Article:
Thursday, March 17th, 2016
Approximately 30% of all stroke patients suffer from post-stroke visual impairment (Sand KM. Acta Neurol Scand Suppl. 2013). Following a stroke or other neurological injuries, various types of vision deficits can occur including the inability to recognize objects, color vision deficits and difficulty with perceiving various types of motion. Approximately 20% experience permanent visual deficits (Romano JG. J of Neurol Sci. 2008). According to the National Stroke Association, homonymous hemianopia, which is the loss of one half of the visual field in each eye, is the most common visual disorder.
Someone with homonymous hemianopia may describe it as being unable to see out of one eye, but in fact, the visual field on one side of both eyes is affected. In addition, some visually impaired patients may be unaware that they cannot see to one side. This condition is called visual neglect or visual inattention. Hemispatial visual neglect affects up to two thirds of right hemisphere stroke patients acutely (Robertson IH et al. Psychology Press, 1999).
Listed below are some of the common interventions supported by research that have shown positive results.
Vision Recovery Research Findings
Most people who have vision loss after a stroke do not fully recover their vision. However some recovery is possible. Treatment and outcomes will depend on the type of vision impairment and its cause. Health professionals, along with neurologists and occupational therapists can advise on the best treatment for you.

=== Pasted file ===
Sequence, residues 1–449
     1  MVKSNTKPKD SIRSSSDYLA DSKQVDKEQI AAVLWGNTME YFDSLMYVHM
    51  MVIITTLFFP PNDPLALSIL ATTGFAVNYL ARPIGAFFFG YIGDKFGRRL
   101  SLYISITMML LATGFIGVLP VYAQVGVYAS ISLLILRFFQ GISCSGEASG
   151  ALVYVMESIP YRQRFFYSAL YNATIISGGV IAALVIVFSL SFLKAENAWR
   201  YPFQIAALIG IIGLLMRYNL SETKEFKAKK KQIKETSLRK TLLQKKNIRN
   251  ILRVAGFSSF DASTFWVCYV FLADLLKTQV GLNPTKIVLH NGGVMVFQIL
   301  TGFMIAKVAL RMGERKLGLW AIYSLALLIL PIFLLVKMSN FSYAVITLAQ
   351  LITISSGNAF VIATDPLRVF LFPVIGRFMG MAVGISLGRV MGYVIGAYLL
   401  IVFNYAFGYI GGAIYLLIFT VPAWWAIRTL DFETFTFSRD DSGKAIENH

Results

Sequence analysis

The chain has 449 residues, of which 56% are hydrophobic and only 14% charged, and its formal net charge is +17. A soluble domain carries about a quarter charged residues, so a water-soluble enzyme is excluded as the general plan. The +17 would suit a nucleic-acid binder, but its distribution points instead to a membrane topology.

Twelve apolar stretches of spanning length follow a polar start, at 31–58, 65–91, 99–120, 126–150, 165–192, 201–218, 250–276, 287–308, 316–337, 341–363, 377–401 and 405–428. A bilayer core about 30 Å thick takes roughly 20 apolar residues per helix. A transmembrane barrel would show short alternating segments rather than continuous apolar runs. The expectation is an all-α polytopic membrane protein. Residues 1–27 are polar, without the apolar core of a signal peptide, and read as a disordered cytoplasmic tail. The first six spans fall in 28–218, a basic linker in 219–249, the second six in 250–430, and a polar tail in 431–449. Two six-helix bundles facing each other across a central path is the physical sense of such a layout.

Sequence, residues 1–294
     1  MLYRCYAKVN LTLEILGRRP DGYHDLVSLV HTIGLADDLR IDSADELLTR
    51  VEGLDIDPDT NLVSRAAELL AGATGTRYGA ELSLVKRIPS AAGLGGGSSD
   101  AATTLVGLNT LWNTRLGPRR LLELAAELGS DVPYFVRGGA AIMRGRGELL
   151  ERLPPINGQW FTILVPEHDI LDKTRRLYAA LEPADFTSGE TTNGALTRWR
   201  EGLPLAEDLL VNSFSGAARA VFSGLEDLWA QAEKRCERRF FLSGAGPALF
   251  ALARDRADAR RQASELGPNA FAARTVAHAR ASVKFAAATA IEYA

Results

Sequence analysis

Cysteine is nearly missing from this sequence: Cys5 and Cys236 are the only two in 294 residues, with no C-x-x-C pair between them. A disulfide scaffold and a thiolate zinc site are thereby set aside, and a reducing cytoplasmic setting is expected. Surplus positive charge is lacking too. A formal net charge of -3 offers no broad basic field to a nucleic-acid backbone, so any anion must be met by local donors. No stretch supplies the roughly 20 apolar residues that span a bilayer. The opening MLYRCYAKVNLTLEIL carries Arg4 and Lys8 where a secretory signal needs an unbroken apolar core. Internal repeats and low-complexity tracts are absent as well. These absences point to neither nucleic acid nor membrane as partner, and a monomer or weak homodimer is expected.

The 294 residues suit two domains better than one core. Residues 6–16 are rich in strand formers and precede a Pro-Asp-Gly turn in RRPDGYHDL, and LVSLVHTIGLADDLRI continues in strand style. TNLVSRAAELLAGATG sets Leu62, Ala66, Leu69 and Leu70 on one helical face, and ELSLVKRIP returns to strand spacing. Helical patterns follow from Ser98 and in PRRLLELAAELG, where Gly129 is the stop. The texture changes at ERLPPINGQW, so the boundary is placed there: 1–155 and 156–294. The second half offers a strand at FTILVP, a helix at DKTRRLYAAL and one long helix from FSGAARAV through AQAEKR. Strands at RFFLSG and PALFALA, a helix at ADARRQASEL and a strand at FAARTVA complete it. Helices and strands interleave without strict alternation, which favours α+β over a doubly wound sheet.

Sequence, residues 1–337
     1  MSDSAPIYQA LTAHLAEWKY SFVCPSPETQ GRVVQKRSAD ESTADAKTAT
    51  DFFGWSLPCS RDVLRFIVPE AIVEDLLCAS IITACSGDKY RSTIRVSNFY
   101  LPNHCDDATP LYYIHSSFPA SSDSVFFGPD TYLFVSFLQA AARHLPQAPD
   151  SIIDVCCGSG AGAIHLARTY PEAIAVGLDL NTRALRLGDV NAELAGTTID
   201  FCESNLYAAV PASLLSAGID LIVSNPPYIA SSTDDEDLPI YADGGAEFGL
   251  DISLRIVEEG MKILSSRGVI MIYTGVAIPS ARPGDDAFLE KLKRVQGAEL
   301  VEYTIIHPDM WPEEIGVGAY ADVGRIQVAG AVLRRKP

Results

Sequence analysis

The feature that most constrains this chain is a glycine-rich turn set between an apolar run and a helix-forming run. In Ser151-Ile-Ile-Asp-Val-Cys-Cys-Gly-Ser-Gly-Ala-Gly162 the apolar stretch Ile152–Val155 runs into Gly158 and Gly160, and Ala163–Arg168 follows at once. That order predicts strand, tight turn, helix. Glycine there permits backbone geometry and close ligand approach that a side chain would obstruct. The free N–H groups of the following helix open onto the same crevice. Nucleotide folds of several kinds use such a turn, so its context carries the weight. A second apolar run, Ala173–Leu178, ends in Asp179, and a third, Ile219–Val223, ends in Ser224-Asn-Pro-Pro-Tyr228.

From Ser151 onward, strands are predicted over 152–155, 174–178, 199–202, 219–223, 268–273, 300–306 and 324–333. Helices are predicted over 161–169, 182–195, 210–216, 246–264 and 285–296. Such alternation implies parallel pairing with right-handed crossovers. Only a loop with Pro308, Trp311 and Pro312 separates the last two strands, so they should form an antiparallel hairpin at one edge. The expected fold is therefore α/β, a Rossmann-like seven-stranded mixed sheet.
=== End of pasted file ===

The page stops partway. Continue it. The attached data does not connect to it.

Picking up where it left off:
Looking For A Vision Specialist?
Neuro-Optometric Rehabilitation Association (NORA) is diverse group of professionals dedicated to advancing the art and science of rehabilitation of the neurologically and cognitively injured and disabled survivor population and their families. NORA members are professionals who recognize the crucial role of vision in human performance. NORA emphasizes treatment modalities designed to optimize the frequently neglected visual-motor, visual-perceptual and visual information processing dysfunction in the neurologically affected person.
There exists, within the profession of optometry, a group of concerned and highly trained professionals uniquely skilled and experienced in the technologies of neuro-optometric rehabilitation/habilitation of the persons affected. Integration of these unique Neuro-Optometric treatment modalities maximizes the potential of the rehabilitation team within a multidisciplinary approach.